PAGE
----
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The Switch

Updated: Nov 12, 2021

J.W. McGee received the Plymouth-Chrysler dealership franchise in 1928.

In 1929 his brother Reg., our father expressed interest in buying his small garage on Hamilton Street (which still stands, now as a Winery).

So to start, Reg. was a sub dealer for Jack from 1929-32 and then Chrysler awarded Reg. the Dodge-DeSoto franchise.

The business was fast expanding and Reg. built a stylish new dealership further up Hamilton Street that opened to a great fanfare in April of 1947.

Chrysler made good dependable cars for several years but from 1949-1954 their styling was well behind the hot selling Chevy and Ford products and even some of the independents.

In 1955 they had a major refresh called “the forward look” and built good quality 1955-56 models.

1957 had a beautiful style change and all new products for Chrysler but that’s when their problems for the ’57-’59 model years began. The build quality of these years was just horrible. Engine problems; water leaks everywhere; torsion bars snapping; tail lights would literally fall out of the car while driving!; door handles broke at a touch; seats would split open; rust-out began in 2 years etc.: We paid out of pocket for new carpets and underneath foundation as the water leaks made the cars moldy and smelly. The same applied for so much of the sealant work that we had done, and we were not reimbursed by Chrysler for this.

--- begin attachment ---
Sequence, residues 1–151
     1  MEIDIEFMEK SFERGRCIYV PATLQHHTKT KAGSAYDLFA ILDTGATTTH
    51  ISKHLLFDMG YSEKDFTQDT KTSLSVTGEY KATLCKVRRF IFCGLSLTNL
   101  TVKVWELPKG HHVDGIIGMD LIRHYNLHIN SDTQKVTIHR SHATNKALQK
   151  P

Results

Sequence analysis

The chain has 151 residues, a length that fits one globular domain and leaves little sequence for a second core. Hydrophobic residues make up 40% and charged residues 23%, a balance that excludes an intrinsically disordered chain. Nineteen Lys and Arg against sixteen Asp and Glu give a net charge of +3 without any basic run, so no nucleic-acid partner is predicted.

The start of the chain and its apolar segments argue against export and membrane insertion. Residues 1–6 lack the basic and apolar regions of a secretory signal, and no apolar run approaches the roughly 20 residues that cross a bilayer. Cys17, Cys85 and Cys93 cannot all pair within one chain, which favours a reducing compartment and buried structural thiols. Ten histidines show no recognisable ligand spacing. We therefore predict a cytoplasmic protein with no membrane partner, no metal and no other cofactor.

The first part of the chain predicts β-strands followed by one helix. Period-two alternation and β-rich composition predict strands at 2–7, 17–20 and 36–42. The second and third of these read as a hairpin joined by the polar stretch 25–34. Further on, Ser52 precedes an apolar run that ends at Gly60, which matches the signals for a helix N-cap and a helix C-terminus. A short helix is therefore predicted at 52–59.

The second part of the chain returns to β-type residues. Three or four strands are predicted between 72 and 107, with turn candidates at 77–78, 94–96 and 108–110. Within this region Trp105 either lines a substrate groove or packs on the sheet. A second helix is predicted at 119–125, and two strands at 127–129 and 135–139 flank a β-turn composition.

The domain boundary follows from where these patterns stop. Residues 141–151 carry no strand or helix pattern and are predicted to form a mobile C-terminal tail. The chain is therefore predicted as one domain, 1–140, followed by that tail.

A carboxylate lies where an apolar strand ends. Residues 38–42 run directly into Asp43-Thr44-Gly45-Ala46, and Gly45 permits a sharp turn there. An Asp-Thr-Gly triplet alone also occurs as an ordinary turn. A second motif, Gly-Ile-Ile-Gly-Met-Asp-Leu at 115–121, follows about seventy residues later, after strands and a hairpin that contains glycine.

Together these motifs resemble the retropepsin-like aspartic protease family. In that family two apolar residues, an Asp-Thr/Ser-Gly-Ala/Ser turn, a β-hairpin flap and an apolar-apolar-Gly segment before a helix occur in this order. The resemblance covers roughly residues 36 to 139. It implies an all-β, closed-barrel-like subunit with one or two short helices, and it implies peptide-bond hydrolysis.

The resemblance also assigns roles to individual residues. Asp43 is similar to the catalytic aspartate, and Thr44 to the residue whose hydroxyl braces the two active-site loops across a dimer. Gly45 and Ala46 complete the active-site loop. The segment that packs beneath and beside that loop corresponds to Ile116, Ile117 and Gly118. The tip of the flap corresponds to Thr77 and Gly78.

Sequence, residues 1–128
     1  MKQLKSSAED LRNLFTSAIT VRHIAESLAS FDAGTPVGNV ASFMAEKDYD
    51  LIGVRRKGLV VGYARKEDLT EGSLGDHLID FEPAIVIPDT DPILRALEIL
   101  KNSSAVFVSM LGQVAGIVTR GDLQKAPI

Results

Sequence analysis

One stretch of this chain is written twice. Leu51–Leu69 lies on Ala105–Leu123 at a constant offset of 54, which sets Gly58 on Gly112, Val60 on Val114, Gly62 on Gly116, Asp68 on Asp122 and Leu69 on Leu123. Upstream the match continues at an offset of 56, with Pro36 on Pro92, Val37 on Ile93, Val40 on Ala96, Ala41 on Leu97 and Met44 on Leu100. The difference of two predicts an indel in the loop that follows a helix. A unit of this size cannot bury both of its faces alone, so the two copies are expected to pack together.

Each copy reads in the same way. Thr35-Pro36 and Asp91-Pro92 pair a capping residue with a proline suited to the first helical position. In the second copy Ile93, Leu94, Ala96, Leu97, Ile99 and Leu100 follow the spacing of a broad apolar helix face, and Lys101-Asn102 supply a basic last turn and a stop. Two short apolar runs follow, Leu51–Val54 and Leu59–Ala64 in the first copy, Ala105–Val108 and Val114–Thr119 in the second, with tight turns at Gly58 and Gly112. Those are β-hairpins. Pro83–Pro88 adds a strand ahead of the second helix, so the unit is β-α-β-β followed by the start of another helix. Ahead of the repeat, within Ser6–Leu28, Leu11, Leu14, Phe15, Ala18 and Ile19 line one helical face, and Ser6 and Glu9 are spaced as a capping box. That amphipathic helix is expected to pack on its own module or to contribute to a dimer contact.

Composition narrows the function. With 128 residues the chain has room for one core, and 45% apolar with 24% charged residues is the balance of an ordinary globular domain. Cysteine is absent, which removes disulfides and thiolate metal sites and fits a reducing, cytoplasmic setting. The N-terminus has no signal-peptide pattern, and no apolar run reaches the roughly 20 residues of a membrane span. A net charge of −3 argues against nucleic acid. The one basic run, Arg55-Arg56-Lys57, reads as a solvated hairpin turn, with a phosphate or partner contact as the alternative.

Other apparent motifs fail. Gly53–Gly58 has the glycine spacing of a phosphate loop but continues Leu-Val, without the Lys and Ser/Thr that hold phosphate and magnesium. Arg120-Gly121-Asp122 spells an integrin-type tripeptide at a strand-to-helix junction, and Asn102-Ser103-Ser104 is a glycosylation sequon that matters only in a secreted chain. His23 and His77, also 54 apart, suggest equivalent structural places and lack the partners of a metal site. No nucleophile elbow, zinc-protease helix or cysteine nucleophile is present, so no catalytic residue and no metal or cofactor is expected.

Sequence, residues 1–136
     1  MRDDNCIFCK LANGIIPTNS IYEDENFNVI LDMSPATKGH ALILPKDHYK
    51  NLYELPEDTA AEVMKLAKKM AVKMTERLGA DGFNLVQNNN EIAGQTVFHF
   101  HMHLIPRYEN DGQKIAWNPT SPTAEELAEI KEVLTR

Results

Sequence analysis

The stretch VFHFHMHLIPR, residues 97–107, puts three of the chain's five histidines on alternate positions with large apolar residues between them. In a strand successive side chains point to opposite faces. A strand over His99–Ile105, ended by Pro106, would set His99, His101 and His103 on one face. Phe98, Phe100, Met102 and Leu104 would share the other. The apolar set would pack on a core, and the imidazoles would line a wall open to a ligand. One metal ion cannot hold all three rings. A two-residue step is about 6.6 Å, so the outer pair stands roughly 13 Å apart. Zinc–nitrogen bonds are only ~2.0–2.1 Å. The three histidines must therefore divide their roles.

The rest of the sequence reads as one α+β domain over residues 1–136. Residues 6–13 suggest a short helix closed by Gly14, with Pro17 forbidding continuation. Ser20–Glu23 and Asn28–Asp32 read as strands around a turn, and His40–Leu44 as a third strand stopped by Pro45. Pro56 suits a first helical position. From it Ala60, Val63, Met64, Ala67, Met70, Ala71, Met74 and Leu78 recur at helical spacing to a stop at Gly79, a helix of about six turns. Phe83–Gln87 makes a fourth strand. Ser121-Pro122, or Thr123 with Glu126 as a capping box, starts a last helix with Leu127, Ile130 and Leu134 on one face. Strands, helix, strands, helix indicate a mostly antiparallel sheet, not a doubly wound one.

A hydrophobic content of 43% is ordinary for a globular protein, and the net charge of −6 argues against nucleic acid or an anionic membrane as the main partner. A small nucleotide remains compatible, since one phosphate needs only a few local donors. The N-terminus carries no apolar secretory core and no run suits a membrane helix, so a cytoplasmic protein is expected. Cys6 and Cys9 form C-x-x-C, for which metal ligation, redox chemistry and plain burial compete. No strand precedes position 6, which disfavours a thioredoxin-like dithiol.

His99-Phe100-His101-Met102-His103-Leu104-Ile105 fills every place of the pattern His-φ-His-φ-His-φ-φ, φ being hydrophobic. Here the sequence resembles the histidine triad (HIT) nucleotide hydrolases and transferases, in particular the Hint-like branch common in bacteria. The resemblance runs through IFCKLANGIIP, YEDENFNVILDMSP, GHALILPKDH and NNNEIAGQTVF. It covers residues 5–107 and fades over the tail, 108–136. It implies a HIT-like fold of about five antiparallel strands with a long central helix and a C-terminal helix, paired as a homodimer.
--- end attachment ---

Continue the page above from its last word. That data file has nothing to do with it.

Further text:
1957 is the only year we ever lost money running a car dealership.

Thank goodness that the cars were built better in 1958 and substantially better in 1959 except for the old, out of date, flat-head six engine they kept modifying.

At this time our parents had four sons, and were trying to make a living out of the dealership so we applied for the AMC franchise as Ramblers were coming on strong, to help our business survive.

In 1960 Chrysler restyled their car lines again and not only did they look good, but they were good; and with their soon to be famous Slant Six motor. But, the 1962 lines of cars call the “lean breed”, while good mechanically had quite controversial styling.

General Motors had closed down the Pontiac-Buick-Cadillac dealer in our town and as GM had 50% of North Americas car sales, we applied for the franchise.

Reg. had passed away in Feb. of 1960 and we knew he must have rolled over in his grave after us having been a Chrysler product dealer for over 33 years. We actually felt more remorse resigning AMC. They were a good company to deal with and had good products.

GM Canada was controlled by its USA parent and they would not consider our application unless we cancelled both franchises first and even though it took a lot of nerve, we did. We got busy trying to sell off every new Chrysler product and Rambler in the meantime as we sat breathlessly awaiting the word from GM.

Finally weeks later we were told we had the franchise and on Feb. 22, 1962 we went to GM’s Headquarters in London, Ontario and drove home fourteen new Pontiacs and one Buick.

We proudly drove them all round the square before parking them in front of the dealership.

Ken had stayed home and contacted Ken Hutchins Builders who immediately came to the dealership and took down all the wooden signage off the building and the next day had made and installed the GM nameplates for which our franchise was now made up off; that was Pontiac – Buick – Cadillac – GMC – Vauxhall & Bedford Trucks.

With their beautiful style and build quality we had hit the glory years of GM. Pontiac went on to be the best selling car that year.

and over 90 percent of our customers stayed faithful to us and switched to GM.

At the time of this being written, Nov. 1, 2021 McGee Motors is 3 months short of being a GM dealership for 60 years!

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